Title:
Method of embedding material in a glass substrate
United States Patent 8707734


Abstract:
A method of embedding material in a glass substrate is provided. The method includes providing a glass composition and a mold substrate having a patterned surface defining a recess therein. The mold substrate is formed from a material having a higher reflow temperature than the glass composition. A surface wettability of the patterned surface is increased relative to the glass composition. At least a portion of the glass composition is flowed into the recess defined by the patterned surface of the mold substrate, followed by solidifying the glass composition to form a solidified glass layer. Material is removed from the solidified glass layer until a portion of the underlying patterned surface of the mold substrate is exposed with at least a portion of the mold substrate embedded in the solidified glass layer to thereby form the glass substrate having the material embedded therein.



Inventors:
Haque, Razi-ul (Ann Arbor, MI, US)
Wise, Kensall (Ann Arbor, MI, US)
Application Number:
12/581695
Publication Date:
04/29/2014
Filing Date:
10/19/2009
Assignee:
The Regents of the University of Michigan (Ann Arbor, MI, US)
Primary Class:
Other Classes:
65/36, 65/60.1
International Classes:
C03C27/04
Field of Search:
438/455-459, 438/478-509, 65/30.1, 65/30.12, 65/31, 65/36, 65/42-44, 65/48, 65/60, 65/60.8, 65/61
View Patent Images:
US Patent References:
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Primary Examiner:
FRANKLIN, JODI COHEN
Attorney, Agent or Firm:
HOWARD & HOWARD ATTORNEYS PLLC (450 West Fourth Street, Royal Oak, MI, 48067, US)
Claims:
What is claimed is:

1. A method of embedding material in a glass substrate, said method comprising the steps of: providing a glass composition; providing a mold substrate having a patterned surface defining a recess therein and formed from a material having a higher reflow temperature than the glass composition; providing a planar sacrificial layer disposed between the mold substrate on one side and a carrier wafer on another side thereof, with the mold substrate and carrier wafer separated by the width of the planar sacrificial layer; increasing a surface wettability of the patterned surface relative to the glass composition; heating the glass composition to a reflow temperature such that at least a portion of the glass composition flows into the recess defined by the patterned surface of the mold substrate; solidifying the glass composition on the patterned surface of the mold substrate to form a glass layer; removing material from the solidified glass layer until a portion of the underlying patterned surface of the mold substrate is exposed with at least a portion of the mold substrate embedded in the solidified glass layer to form the glass substrate having the material embedded therein; and releasing the mold substrate and the solidified glass layer from the planar sacrificial layer after said step of flowing the glass composition into the recess.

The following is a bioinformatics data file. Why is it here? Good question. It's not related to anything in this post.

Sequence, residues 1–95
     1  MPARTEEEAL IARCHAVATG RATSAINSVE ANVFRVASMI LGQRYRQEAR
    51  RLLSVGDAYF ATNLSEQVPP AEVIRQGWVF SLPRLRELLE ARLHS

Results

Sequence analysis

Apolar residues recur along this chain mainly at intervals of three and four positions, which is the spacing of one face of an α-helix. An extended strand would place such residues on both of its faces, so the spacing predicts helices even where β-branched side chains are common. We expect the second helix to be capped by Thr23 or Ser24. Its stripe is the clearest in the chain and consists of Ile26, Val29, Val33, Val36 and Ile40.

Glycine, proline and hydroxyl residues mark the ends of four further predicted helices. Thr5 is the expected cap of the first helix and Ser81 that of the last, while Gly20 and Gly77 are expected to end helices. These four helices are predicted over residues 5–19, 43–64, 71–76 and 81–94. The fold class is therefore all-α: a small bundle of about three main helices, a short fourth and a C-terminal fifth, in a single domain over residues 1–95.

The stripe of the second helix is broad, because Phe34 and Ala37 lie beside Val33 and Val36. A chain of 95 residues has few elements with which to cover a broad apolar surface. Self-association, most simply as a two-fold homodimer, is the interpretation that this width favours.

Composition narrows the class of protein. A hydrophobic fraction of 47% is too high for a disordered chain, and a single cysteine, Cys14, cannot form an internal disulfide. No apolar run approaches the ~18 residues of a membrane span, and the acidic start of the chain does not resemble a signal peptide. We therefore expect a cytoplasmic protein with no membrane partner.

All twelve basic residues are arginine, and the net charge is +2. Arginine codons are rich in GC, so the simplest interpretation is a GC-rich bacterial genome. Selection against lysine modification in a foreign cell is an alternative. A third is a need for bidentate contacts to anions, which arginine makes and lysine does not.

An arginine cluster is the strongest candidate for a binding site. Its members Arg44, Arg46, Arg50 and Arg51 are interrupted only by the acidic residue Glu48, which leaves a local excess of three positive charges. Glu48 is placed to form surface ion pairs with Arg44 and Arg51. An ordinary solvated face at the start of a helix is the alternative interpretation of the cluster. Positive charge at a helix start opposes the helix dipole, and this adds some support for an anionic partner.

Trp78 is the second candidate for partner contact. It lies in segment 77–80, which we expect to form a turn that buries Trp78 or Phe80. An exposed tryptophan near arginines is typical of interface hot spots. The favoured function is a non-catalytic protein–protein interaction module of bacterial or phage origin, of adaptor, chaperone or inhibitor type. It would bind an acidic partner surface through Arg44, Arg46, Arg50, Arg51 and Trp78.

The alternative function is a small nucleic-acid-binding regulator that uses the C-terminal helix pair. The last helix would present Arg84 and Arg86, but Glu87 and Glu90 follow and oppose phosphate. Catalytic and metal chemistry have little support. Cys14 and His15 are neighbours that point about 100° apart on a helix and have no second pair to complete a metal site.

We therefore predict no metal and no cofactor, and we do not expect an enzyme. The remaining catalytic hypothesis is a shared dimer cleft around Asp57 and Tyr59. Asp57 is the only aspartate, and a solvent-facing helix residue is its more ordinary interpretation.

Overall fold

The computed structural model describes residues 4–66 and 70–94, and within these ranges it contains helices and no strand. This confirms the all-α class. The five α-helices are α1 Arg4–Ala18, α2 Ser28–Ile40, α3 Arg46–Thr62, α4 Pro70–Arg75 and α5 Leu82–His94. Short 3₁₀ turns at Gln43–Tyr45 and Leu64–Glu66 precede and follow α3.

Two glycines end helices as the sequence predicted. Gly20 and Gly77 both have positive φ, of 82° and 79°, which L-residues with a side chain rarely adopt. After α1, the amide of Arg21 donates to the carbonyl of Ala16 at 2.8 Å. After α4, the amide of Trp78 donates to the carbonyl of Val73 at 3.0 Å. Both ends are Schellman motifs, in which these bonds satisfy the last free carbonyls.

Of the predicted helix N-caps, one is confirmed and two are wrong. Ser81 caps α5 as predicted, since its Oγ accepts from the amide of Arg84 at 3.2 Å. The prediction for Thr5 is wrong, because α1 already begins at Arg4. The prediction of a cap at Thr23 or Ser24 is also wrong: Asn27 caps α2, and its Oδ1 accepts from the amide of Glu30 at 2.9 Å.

2. A method as set forth in claim 1 wherein the step of increasing the surface wettability of the patterned surface is further defined as roughening the patterned surface.

3. A method as set forth in claim 1 wherein the step of increasing the surface wettability of the patterned surface is further defined as dry etching the patterned surface.

4. A method as set forth in claim 1 wherein the step of increasing the surface wettability of the patterned surface is further defined as disposing a layer of wetting material on the patterned surface with the wetting material having increased wettability relative to the glass composition as compared to the material of the mold substrate.

5. A method as set forth in claim 1 wherein the material of the mold substrate is further defined as a semiconductor material comprising silicon.

6. A method as set forth in claim 1 wherein the step of removing material from the solidified glass layer is further defined as planarizing the solidified glass layer.

7. A method as set forth in claim 6 wherein the solidified glass layer is planarized until a surface of the solidified glass layer is flush with a surface of the mold substrate.

8. A method as set forth in claim 1 wherein the step of flowing at least a portion of the glass composition into the recess is further defined as heating the glass composition to the reflow temperature with a rapid thermal annealing furnace.

9. A method as set forth in claim 1 further comprising the step of patterning the surface of the mold substrate to form the patterned surfacing defining the recess therein.

10. A method as set forth in claim 1 wherein the patterned surface of the mold substrate prior to the step of flowing the glass composition into the recess is defined along at least three parallel planes.

11. A method as set forth in claim 1 wherein the glass composition is capable of anodic bonding and wherein the glass composition is anodically bonded to the patterned surface of the mold substrate under vacuum prior to the step of flowing the glass composition into the recess.

12. A method as set forth in claim 1 wherein the step of flowing at least a portion of the glass composition into the recess comprises the further step of disposing beads of the glass composition on the patterned surface of the mold substrate.